• Share to Facebook
    • Twitter
    • Email
    • Print
February 27, 2017

Border Wall May Negatively Affect 111 Endangered Species

Ben Callison, president of the Humane Society Wildlife Land Trust

No matter where you stand on the issue of the border wall between the United States and Mexico, we can all agree that the deleterious harms a border wall could have on wildlife is not getting the attention it should. Barriers currently cut across roughly 40 percent of the nearly 2,000-mile long border. The Secure Fence Act of 2006 precipitated the addition of a variety of fencing types, concrete vehicle barriers and sensors.

Researchers found that where barriers are already in place, wildlife is impaired. Impacts include disrupting their migration patterns and limiting the dispersal of populations, which promotes inbreeding between subpopulations of a species.  The U.S. Fish and Wildlife Service predicts a wall may negatively affect 111 endangered species, such as jaguars, ocelots, jaguarundi and Mexican wolves, and 108 migratory bird species, including sparrows, warblers and hummingbirds. Four wildlife refuges, such as Lower Rio Grande Valley, Buenos Aires and Santa Ana National Wildlife Refuges, and fish hatcheries could all be negatively impacted.

These protected species and all animals should be able to access food, water and safe habitat. Walls and fences already in place are destroying the habitat connectivity that wild animals depend upon to fulfill these basic needs. Essential migratory routes may span from country to country, as a means for animals to access appropriate habitats in different seasons. A herd of bison, for example, is known to visit a pond on Mexico’s side of a barrier—as it is the only year-round water in the area—and cross into the U.S. to feed on native grasses.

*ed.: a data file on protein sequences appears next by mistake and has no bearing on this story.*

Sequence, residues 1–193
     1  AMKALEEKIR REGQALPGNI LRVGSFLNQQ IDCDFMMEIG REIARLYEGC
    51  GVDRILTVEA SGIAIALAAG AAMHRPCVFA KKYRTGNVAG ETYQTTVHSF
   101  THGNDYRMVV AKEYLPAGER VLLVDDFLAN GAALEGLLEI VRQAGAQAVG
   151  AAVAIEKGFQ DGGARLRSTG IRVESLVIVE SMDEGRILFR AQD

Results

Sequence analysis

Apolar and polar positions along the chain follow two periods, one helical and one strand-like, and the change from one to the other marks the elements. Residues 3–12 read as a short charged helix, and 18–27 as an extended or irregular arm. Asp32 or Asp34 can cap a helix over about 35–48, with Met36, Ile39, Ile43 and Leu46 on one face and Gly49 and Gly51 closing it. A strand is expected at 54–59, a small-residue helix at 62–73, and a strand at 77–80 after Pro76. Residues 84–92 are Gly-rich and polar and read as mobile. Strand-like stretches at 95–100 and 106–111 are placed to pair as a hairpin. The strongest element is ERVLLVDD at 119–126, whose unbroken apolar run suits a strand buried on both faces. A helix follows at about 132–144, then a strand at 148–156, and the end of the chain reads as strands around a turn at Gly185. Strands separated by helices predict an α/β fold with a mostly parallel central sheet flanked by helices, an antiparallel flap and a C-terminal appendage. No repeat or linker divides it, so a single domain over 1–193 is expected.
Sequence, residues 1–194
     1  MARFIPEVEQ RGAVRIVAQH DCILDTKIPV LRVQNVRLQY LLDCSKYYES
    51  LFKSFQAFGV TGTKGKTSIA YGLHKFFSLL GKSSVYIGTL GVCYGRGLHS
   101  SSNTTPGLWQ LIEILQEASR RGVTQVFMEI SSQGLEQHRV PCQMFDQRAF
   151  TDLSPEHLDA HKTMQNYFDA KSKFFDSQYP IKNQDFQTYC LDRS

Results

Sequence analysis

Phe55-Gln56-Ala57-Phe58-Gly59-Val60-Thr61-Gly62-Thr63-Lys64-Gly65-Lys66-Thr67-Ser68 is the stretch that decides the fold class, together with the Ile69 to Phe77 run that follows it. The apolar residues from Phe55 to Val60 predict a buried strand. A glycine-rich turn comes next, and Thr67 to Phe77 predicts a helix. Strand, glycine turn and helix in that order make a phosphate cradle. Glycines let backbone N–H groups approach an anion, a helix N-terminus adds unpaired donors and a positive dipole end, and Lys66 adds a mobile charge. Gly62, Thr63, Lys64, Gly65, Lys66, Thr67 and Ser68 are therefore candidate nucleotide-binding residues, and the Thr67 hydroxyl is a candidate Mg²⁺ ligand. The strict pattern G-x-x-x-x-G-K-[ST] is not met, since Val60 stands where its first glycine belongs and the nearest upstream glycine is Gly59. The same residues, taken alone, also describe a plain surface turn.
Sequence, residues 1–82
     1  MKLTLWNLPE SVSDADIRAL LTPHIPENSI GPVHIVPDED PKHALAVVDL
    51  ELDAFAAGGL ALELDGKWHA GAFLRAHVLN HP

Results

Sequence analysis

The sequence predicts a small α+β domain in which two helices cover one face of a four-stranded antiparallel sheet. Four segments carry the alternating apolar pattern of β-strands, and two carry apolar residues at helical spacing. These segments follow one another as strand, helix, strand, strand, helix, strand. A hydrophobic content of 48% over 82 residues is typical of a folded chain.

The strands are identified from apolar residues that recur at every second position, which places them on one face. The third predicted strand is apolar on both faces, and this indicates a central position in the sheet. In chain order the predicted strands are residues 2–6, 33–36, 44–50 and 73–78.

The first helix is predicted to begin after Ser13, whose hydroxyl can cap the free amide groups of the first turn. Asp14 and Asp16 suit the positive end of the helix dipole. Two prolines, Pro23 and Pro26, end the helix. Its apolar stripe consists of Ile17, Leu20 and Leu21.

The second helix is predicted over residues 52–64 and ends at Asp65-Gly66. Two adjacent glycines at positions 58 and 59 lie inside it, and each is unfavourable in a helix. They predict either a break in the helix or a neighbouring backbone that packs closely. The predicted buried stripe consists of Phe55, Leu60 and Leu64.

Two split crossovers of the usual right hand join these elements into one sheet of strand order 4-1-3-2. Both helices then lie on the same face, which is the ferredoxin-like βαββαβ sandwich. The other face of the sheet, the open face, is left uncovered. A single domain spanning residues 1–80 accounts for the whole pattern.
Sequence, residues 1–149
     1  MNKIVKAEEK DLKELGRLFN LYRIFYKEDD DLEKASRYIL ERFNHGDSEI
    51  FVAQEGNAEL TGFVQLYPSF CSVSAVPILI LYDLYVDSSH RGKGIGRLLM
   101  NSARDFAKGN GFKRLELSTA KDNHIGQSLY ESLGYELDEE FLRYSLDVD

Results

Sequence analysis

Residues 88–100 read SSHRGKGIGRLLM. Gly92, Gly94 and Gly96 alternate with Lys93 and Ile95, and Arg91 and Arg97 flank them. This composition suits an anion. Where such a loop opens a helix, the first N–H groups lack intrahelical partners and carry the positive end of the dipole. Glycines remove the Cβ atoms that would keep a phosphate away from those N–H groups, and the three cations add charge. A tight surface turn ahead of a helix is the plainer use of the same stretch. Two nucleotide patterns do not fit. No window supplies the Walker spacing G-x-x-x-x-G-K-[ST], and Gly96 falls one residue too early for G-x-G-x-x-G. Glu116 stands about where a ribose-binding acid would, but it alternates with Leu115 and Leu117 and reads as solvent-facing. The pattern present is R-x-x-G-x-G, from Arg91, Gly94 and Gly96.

The ability to roam is important since access to mates and a healthy-sized population maintains genetic diversity. Walls and fences prevent animals from following natural migration patterns and divide healthy-sized populations, leading to inbreeding and a loss of genetic diversity. Resulting mutations can eventually weaken species, making them more vulnerable to diseases and disasters such as floods, fires and climate change.

North America’s cat species are among the species most imperiled by current and future barriers. Any hope for jaguars to repatriate part of their former U.S. range depends upon any remaining jaguars in the U.S. having access to jaguars in Mexico. Few ocelots still reside in the U.S., and a fence separates them from a larger, more genetically diverse population in Mexico. Jaguarundis have been protected in the U.S. since 1976, but the last known individual died on a Texas road in 1986. A population south of the border is the only hope for this species to again flourish in its former U.S. range.

Only around 100 Mexican gray wolves remain north of the border and a few dozen south of the border. Passing across the border is essential for the two populations to maintain genetic diversity. The ferruginous pygmy owl depends upon mating between populations in Arizona and Mexico, but only flies as high as 4.5 feet. The proposed height for a new wall would be impassable for many species.

Much is at stake for wildlife as well as the integrity and health of habitats situated on the borderlands. If it is decided that the expansion of the wall must happen, wildlife biologists and others must be consulted to guide the process so that any foreseeable harms to wildlife are minimal and habitat connectivity is preserved and restored wherever feasible. We need to explore creative options such as designing wildlife crossings, leaving gaps in barriers for small animals, and having removal barriers to allow for migration or breeding seasons.

When constructing national policy, there are many important issues facing decision makers, but we should take the needs of animals and conservation into account as well. Congress and President Nixon did as much in enacting the Endangered Species Act in 1973. “We abuse land because we regard it as a commodity belonging to us,” wrote Aldo Leopold. “When we see land as a community to which we belong, we may begin to use it with love and respect.”

 

Powered by Blackbaud
nonprofit software